Lantana for Pollinators

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I went out to pick my green beans this morning and discovered my lantana covered in bumble bees.

This is the first time I have grown lantana in a couple of years. I try to grow it on a regular basis in some container because I know that in the past I have seen both hummingbirds and Eastern swallowtail butterflies flocking to it every time I do grow it.

But this was the first time I had seen so many bumble bees on the plant at the same time. A couple seemed to be hanging out and drying out–there had been rain the night before. But several more were actively visiting, looking for pollen. It was nice to see.

I know that in warmer parts of the United States lantana can be an invasive plant, so, as always, know before you grow!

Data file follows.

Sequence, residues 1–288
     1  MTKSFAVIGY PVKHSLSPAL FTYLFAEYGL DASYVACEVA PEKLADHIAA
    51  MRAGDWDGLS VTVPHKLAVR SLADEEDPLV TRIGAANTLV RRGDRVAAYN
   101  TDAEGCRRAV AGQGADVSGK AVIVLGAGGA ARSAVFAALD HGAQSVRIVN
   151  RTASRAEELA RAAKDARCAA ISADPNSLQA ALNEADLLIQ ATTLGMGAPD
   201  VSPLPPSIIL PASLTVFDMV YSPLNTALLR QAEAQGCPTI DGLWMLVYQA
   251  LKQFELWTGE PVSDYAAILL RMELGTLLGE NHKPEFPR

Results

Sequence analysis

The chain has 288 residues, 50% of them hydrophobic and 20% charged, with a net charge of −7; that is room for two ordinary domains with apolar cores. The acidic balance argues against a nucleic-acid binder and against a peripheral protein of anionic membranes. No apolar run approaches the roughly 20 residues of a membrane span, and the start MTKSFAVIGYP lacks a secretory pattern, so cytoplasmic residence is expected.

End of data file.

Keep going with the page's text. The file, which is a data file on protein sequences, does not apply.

4 thoughts on “Lantana for Pollinators

  1. tonytomeo August 24, 2018 / 11:15 pm

    Our only lantana gets frosted back to the ground annually, but somehow regenerates into a nice big shrub. the only problem is that by the time it finally takes the time to slow down and bloom, the it is getting late in summer!

  2. gardendaze August 25, 2018 / 6:30 am

    That’s what happens if I start things from seed out of doors here ( as opposed to basically starting my own transplants). For laughs this year, I threw some calendula seed in in mid-May. I still don’t have flowers. Maybe in time for frost….

    Karla

  3. roberta4949 August 29, 2018 / 1:31 pm

    I see them around here they are very pretty usually blooming by july beginning of august.

  4. gardendaze August 29, 2018 / 2:12 pm

    I really like them. I have had multiple colored ones like this several times. I think this one is actually called “Patriot Rainbow.” It sure is a rainbow–I don’t know how it votes.

    I have also had one that’s just orange and yellow that is called “Texas Flame.” That was the one the butterflies liked.

    No matter what, they were all pretty.

    Karla

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